10. Ugh…. I can’t begin to tell you how often I’ve been taken over by the impulse to just fling my stupid passport off to sea lol. It’s especially terrible when you’re traveling with people from other countries and realise that you can’t go places as easily as them. It’s the worst.

    But great blog, really funny!

    • Oh tell me about it brother. If there’s one thing I hate about being an Indian it’s owning this worthless booklet. Everything else works fine with me. And then there are people who say “oh we have 30 or 40+ countries offering us visa on arrival or without visa travel” totally ignorant to the fact that most of them are countries smaller the size of New Delhi. I mean I won’t even call Fiji a country, would you? haha!

  11. Ugh. I too hate the fact that the Indian passport is very weak. I’ve only travelled to Singapore and getting the visa was such a hassle. I plan to travel in the coming years, but I’m highly contemplating to move to a country that has a strong passport yet relaxed immigration rules (like Canada), become a citizen of that country and then travel around the world with that country’s passport. Of course, it’ll be long time before I travel the world on the new passport but at least I’ll get to explore the country I’ll be staying in.
    Sounds logical. 😛

  12. Vijaya Kumar Gude

    I deeply regret all the time, when i travel, even though some of the countries allow visa on arrival for Indian, but still you have to face several questions before granting it .

    Dot size countries like, Singapore doesn’t allow Indian to visit their country.

    Why should we go and hide in their god damn place. or stay illegally in their country.

    We do have self respect, career,

    I am done with applying for VISA. i rather visit some of the places in India itself.

    • I can feel the frustration Vijaya. A strong passport guarantees freedom of movement. A strong passport guarantees self-development 🙁

  13. Priyanka Gupta

    Thanks for sharing this. I have had so many experiences regarding the Indian passport and visas. On the verge of finishing my nine months travel in South America. Planning to update my page soon with how I was rejected a columbian visa and how I was returned back from the border of Chile into Bolivia recently. And much more 🙂

    My page if it interests you,

    Keep travelling and keep sharing. That’s the best we can do. And well said. Being from India raise so much interest specially as there are not many of us travelling, or backpacking. The food, culture, religion, yoga, bollywood, eyes, everything raises so much interest.

    Wish you good travels.

  14. “Applying For A VISA Is Like Applying For A New Birth Certificate” LOL … So so true and I understand your frustration. I feel cursed too. Travelling becomes a job and stressful when there are so many rules and processes involved. Most of the times I just give up half way through planning especially when I think about going through the gruelling VISA applications / interviews. What I don’t understand is different countries have different rules. For example: Schengen tourist VISA is valid only for three months while the US tourist VISA is valid for 10 years and the same fee. And we have to get VISA on arrival even when we visit SAARC counties like Sri Lanka. Phew!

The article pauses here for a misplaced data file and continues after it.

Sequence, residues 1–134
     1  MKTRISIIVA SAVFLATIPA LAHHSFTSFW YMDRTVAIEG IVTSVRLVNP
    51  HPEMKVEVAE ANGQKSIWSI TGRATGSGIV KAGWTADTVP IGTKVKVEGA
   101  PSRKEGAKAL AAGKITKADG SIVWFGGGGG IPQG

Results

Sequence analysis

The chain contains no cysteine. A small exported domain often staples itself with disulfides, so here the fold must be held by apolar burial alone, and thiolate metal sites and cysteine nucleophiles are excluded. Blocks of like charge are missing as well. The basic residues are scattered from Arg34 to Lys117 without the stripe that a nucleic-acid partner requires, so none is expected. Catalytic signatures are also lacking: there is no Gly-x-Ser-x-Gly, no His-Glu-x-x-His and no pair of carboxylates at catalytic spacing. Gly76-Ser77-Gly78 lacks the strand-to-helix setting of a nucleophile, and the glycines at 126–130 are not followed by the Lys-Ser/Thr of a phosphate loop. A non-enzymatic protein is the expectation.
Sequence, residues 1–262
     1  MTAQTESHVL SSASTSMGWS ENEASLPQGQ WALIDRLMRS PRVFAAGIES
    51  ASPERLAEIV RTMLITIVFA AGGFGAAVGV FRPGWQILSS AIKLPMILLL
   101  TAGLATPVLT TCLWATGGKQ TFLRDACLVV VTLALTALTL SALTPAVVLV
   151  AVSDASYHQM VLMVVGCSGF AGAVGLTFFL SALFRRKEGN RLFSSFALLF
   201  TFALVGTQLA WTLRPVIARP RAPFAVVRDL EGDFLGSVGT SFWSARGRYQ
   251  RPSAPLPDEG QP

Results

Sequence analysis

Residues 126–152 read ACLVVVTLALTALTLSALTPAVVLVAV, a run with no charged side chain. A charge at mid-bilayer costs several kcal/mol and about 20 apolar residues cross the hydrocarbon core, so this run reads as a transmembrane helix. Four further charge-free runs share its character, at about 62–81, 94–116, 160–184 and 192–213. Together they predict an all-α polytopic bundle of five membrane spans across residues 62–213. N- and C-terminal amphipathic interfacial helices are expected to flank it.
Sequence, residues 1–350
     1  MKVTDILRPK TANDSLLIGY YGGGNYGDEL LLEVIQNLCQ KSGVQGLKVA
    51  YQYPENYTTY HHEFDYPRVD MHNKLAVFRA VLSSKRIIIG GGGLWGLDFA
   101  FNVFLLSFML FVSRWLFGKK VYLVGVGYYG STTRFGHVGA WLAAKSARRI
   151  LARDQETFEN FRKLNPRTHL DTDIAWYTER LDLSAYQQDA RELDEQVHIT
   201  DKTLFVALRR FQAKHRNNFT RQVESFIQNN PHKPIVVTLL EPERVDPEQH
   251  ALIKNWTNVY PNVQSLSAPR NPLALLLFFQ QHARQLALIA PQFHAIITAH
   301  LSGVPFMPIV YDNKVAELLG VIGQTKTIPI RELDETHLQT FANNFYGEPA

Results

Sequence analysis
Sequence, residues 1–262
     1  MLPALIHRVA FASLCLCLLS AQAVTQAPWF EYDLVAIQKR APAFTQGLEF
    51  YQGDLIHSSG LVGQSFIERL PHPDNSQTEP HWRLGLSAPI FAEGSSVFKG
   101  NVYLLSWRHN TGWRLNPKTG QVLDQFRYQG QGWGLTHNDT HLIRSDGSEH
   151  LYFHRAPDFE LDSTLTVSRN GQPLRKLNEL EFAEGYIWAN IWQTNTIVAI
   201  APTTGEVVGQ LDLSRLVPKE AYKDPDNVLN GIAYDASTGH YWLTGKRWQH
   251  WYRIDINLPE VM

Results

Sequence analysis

I’m hoping Modi will bring a change too. We want achche din for travellers 😉

    • “even when we visit SAARC counties like Sri Lanka. Phew!” haha. I hope people from Sri Lanka don’t read it, else it might end into a hate-war. Kidding. And yea, I have high hopes from Modi too. I’ll help the country by bringing in money from Google adsense. Help me!! haha!

  15. Srinivas N

    hi Dev,

    As a backpacker, I can clearly see what you are saying. Everything you say is true.
    Maybe, we must bring this to Mr. Modi’s attention, in a strong way and urge him to act on this immediately.

    India can’t hope to be a world power, if their well-meaning citizens are held back from traveling, by a set of cumbersome, discriminatory and archaic rules


  16. Until our population stabilizes, and everyone has a decent shot at employment, it will continue to be the weakest.


    I totally agree. Argh! I often feel very frustrated about the Indian passport being so weak when it comes to the countries we cannot travel to without a visa. I live in the US, and its so hard to plan a trip with my American friends sometimes – as they can practically visit a hell lot of places with the American passport and I cannot. Somehow I am always the one stuck applying for a visa which takes ages. I genuinely believe that Indians already add and can add – a lot of money to tourism of foreign economies only if it was just a bit easier for us. 🙁 Nice article! Very good read!

  18. Hi,

    Thanks for sharing this honestly without sugarcoating anything. I have faced this issue too. I just started traveling and I like to stay in a country for few months. In Thailand after 2 months, when I went to extend my visa for a month, while everyone got 30 days extension, I got 7 days extension and was charged the same amount of money (Rs. 4,000).

    • Shmoly! This blue thingy is playing with our dignity and emotions! Worse is, every time you apply for a VISA, you need to show your entire itinerary (from hotel booking to flights to other transport), this means that INDIANS are LITERALLY BANNED to BACKPACK at their will, unlike Europeans and other strong passport holders.

      • Chirag Pooniwala

        How come your passport is blue?
        Mine has black cover.

        • LOl. Ordinary passports are Navy blue color mate. It looks black but it’s Navy Blue. if you’re a diplomat or a govt official, then it is Maroon.

  19. Sad reality of life.. Sigh.. Hopefully things change in years to come

    • Hope so. and if there’s a reason why I’m going to vote for Modi, until my or his demise, it’s this! He’s my hero! haha!